Last weekend, too, Shawn and I took a trip to where we began. Regina, Saskatchewan. When Mom and Dad’s son Scott died in 1961, they bought three plots in a cemetery that was then just outside of Regina. In 2005, Mom, Shawn and I drove there with Dad’s ashes. We stayed with Don Jacklin. He and his wife, June, were good friends of Mom and Dad. Mom and June often talked on the phone until June died in the early 2000s. Don was a good host to us, and he took us for breakfast, i think. Some of our cousins from Dad’s side came to the internment, as did Uncle Jim, Mom’s oldest brother, and his daughters. We went out for dinner or lunch or something after. Our Saskatchewan cousins are all farm people, and his sister Kay’s kids loved their Uncle Jack the best of their uncles. Probably dad was their favourite uncle because he was their mom’s favourite brother. We were the “city cousins”, so cool. They were the farm cousins, and i envied them too. It would’ve killed me to live on a farm, I’m afraid, but whenever we visited, I remember being captivated by the barn, the cats, the cows, the chickens — did they have chickens? or am i remembering someone else’s farm? Never mind, they all smelled of manure and hay and mud — horse and cottonwood. Sometimes a visit would mean the hospital the next day, sometimes just itching and wheezing–but it was always worth it. We didn’t go visit our cousins much after Auntie Kay died, I don’t know why. Mostly we visited Grandma and Grandpa Morgan in Swift Current when we went to Saskatchewan. Grandpa Graham died in 1967, he was 79. After Kay died, (i learned this from Karen, maybe Bev this visit), Grandma Graham’s descent into dementia deepened. She died in 1986 at the age of 95, but she’d been gone for years. Most of the time she didn’t recognize Dad when he went to visit her. Shawn said that he remembers going to the nursing home with Dad one time and Dad walked right by her, had to get one of the staff to point her out to him. “That really bothered him a lot,” Shawn said. It must have. For mother and son to not recognize each other — and I know Dad loved Grandma with great tenderness.

Okay. it’s now the 13th, and i arrived right on time for my 6:30 pm flight, only to find the flight was delayed by 4 hours. No. 5 hours. they gave us $15 vouchers for food. And there’s a great big rainbow out the window here, so that’s nice. I kinda like airports anyway. And hospitals. Hard to tell what i like better. Hospitals of course have drugs, which, when i’m there for myself, I find enormously relieving. Airports have those kiosks that sell toys and watches and scarves and earbuds and other things I don’t need that cost money I don’t have. But that’s why god created credit cards…(capitalism. evil on both ends, producing and consuming–and consumer also consuming the producer –Ouroboros without the renewal part, yet).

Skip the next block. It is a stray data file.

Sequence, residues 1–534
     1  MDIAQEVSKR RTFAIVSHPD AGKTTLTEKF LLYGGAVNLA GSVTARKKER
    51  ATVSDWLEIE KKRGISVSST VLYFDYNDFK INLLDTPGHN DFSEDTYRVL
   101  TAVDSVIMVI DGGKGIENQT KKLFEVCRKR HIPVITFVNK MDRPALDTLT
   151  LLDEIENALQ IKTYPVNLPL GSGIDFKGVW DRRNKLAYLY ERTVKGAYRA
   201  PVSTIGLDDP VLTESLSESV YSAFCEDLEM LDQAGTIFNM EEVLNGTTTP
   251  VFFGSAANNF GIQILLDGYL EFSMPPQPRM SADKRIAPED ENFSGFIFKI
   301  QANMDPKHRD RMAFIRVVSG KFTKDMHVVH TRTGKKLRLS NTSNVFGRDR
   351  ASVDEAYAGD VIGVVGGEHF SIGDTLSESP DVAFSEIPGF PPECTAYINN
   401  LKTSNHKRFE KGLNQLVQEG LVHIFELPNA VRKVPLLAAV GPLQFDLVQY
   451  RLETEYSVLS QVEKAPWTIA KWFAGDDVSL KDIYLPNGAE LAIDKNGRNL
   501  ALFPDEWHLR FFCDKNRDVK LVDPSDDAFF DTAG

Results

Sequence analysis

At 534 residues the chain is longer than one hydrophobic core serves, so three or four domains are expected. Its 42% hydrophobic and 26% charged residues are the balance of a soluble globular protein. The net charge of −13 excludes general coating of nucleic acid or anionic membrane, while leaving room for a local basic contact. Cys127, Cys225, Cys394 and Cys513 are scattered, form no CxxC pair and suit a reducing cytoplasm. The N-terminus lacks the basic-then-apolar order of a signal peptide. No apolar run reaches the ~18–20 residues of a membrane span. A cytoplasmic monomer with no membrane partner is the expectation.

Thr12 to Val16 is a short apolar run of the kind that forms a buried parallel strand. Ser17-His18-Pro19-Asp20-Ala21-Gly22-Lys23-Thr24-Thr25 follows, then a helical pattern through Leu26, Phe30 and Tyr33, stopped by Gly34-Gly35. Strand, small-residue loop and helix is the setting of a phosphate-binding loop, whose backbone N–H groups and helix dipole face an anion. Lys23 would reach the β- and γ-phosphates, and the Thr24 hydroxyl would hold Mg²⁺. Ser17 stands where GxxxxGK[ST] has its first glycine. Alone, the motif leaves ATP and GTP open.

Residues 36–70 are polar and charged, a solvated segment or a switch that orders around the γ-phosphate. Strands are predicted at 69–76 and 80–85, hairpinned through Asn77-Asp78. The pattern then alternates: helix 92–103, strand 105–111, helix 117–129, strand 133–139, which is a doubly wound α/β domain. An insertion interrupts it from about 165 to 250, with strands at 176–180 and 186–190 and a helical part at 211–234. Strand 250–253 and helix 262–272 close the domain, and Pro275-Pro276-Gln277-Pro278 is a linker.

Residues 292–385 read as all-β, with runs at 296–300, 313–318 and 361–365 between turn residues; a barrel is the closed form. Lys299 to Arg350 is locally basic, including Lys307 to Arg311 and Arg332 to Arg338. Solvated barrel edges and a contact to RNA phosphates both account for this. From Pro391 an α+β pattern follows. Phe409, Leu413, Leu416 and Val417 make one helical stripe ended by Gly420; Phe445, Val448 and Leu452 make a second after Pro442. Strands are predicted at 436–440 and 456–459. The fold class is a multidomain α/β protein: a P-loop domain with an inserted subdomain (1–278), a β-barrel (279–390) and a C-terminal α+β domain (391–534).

The waiting area is filling up, boarding time is coming soon. I forget, is jet lag worse on the way there or on the way back? There’s a gang of teenage girls all in some team uniform in a corner. They look like they’re around 14 or 15 years old, all limbs, braces and ponytails. Do girls wear long hair more than they used to? There are many British accents in the air — posh and working-class, Scottish and Irish as well — I’m listening for Welsh, but don’t hear it. I’m watching Hinterland on Netflix because it’s Welsh and English, made in Wales by Welsh people. Everyone sounds like my Grandpa Morgan.

I learned a bit more about my Graham and Mitchell relatives from my cousins Bev and Karen. Bev said that our great-grandparents were loyalists who came to Canada — Ontario — during the American revolution. And she said she found another cousin in Saskatoon, who has our grandmother’s name, Christina. Grandma was Lydia Christina, everyone called her Tina. I love that family — they’re salt-of – the -earth good people. i won’t let our connection lapse again. In order to know the ancestors, I think we have to know who’s here now, to nurture the connections between the living. I felt part of something big when we were together in that cemetery, saying goodbye to Mom — cousins from both sides of the family together because of Edith — She did that in her life, brought people together. i didn’t realize how much, what a rare talent that is until she was gone. I take it as my job now, and it’s a bit daunting. She did ask me, and i did promise. So I will. She taught me how, I just have to remember.

I’m close to tears a lot, as usual. I don’t know, I’m lonely, is all. Makes that promise to nurture the family connections that much more urgent.  I don’t mind traveling alone, i think I prefer it. Plus! I have those cousins in the Old Country. What an adventure is before me. No matter what happens, it will be good. Though it’s kind of unnerving to not have anyone with whom to plan. Mind you, if I were with someone, it’s quite possible i would let her do the planning, which has lead to resentment on both sides, let me tell you. Yes. this is better. I’ll be more confident, I think.The prairie part of my trip was grounding, a good start. I love this ancient place.

Saturday I’m going to a conference called “Feminists thinking differently” about gender and sex — that will be refreshing. I think that deserves a post of its own. I’m going with an ex-lover and her partner, they’re hosting me for a couple of days. Though she just sent word that a water pipe burst and their ceiling collapsed in part of the kitchen. That’s exciting in an unpleasant way.

right. we’re going to board soon. more to come. No way i’ll sleep for a loooong time. i just had to have a Tim Horton’s coffee, didn’t I?